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Getting Here

How to travel to St Helena

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Travel is fatal to prejudice, bigotry, and narrow-mindedness.
Mark Twain

Despite its isolation, St Helena is not quite as difficult to get to as you might imagine.

This page is in indexes: Island Place, Island Activity, Island Detail

Getting Here [Saint Helena Island Info:Getting Here]

Ways to get here [Saint Helena Island Info:Getting Here]

Other ‘getting here’ pages:

• Fly here

• RMS St Helena

• Yachting

• Cruise Ship Days

• Fly Yourself Here

• Visitor Information

Below: How to get hereCan I bring my pet dog/cat/parrot/elephant?Travel AdviceMore visitor informationRead More

Unless transportation and accommodation are improved, it seems to us that the best St Helena can hope for is an occasional off-beater to whom time and comfort are minor considerations{a}

And the good news is…they now have been (albeit years later!)

How to get here

The primary route to St Helena is the scheduled commercial air service. Until February 2018 you can also still come on the RMS St Helena. If you own or can charter a ’plane you can Fly Yourself Here. Otherwise you can come here on your yacht, on a Cruise Ship, or maybe one of a few other more obscure ways.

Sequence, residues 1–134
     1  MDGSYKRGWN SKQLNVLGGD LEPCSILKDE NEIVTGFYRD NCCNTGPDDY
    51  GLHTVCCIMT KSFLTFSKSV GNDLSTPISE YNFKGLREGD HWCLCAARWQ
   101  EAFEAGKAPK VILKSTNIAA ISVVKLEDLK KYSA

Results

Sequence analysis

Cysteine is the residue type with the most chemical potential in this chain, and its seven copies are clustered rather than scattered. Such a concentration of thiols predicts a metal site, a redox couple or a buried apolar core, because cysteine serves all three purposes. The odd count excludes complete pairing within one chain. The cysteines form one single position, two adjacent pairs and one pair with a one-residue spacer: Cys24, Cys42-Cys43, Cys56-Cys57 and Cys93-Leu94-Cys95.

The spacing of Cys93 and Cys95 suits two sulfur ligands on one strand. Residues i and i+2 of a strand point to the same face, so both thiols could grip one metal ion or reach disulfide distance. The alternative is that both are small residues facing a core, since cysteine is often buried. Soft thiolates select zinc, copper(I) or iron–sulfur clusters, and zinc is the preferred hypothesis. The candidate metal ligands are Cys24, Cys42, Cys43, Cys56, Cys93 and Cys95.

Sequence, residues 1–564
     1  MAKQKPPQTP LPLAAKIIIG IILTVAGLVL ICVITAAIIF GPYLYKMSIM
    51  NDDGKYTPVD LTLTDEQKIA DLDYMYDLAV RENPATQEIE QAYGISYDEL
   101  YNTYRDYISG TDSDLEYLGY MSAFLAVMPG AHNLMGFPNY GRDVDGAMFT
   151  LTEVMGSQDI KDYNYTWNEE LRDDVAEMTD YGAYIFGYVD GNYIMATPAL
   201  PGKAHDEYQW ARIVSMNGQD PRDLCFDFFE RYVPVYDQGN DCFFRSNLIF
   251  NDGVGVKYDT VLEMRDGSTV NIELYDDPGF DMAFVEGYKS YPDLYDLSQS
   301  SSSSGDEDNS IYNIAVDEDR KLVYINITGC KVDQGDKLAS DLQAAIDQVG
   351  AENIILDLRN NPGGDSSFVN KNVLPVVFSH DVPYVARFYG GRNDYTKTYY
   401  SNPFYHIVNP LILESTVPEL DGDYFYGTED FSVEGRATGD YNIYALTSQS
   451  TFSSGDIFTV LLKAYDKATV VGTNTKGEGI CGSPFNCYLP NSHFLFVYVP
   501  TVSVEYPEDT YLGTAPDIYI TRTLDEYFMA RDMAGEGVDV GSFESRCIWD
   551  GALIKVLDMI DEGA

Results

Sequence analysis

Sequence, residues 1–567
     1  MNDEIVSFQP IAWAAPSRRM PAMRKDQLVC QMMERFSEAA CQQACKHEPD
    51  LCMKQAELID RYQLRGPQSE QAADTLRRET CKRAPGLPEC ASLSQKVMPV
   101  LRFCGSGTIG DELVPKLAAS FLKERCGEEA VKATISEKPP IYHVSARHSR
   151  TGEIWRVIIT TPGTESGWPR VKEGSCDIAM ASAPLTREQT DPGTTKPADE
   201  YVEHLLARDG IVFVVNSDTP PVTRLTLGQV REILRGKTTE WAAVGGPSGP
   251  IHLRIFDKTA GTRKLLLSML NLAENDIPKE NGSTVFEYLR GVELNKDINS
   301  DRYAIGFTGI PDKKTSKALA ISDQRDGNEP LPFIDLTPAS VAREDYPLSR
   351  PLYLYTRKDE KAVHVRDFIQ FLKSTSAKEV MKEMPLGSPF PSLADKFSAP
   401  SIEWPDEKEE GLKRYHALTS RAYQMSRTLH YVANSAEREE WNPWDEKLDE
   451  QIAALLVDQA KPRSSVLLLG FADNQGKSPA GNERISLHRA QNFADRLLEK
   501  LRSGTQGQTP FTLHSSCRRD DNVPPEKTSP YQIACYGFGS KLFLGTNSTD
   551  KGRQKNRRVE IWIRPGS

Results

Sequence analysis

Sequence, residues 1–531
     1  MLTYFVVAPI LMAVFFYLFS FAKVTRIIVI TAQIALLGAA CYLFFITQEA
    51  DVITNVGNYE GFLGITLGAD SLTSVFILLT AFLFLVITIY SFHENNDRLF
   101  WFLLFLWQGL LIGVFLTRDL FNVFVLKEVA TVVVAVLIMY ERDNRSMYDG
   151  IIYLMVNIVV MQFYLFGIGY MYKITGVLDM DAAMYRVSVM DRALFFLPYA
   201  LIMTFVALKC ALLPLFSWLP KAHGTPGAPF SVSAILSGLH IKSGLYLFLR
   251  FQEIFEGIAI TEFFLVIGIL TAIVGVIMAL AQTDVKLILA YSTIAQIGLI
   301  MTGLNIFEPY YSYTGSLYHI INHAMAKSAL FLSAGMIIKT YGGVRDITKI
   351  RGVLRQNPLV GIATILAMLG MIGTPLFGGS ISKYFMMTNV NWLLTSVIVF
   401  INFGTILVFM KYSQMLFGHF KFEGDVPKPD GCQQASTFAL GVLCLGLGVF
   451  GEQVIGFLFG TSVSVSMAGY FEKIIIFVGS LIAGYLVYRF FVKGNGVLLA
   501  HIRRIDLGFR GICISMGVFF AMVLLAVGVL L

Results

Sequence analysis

What to do [Saint Helena Island Info:Getting Here]

Travel method



Scheduled Commercial Air Service

Since 14th October 2017

See our Fly here page for more



See our Yachting page for details.

Cruise Ship


See our Cruise Ship Days page for details.

RMS St Helena

Until February 2018

See our RMS St Helena page for details.

Private or Charter Flight


See our Fly Yourself Here page for details.

All visitors require valid passports and will normally be granted an entry permit for a period of three months. The entry permit may be extended up to a period of one year. Visitors must have a return ticket and pre-booked accomodation is advised. Do I need a Visa? check and apply here.

More ‘creative’ options

Alternatively, cheaper ways to get here include:

Air Service [Saint Helena Island Info:Getting Here]
Air Service

Visiting yacht in James Bay [Saint Helena Island Info:Getting Here]
Visiting yacht in James Bay

The Queen Mary II in 2010 [Saint Helena Island Info:Getting Here]
The Queen Mary II in 2010

RMS St Helena, in James Bay [Saint Helena Island Info:Getting Here]
RMS St Helena, in James Bay

Private aircraft, January 2017 [Saint Helena Island Info:Getting Here]
Private aircraft, January 2017

Naval visitors, 2009 [Saint Helena Island Info:Getting Here]
Naval visitors, 2009

Bark Europa in 2009 [Saint Helena Island Info:Getting Here]
Bark Europa in 2009

Can I bring my pet dog/cat/parrot/elephant?

Gurrs with Stanley [Saint Helena Island Info:Getting Here]

It’s not impossible, but because of disease control the process is rather complicated - too much so to summarise it here. If you really can’t be separated from your furry/scaly friend, you are best to contact the Senior Vetinary Officer at the Agriculture and Natural Resources Division - Tel (+290) 24724.

Of course, Governor Gurr (2007-2011) had no trouble getting permission to bring his family dog, Stanley…(right)

Travel Advice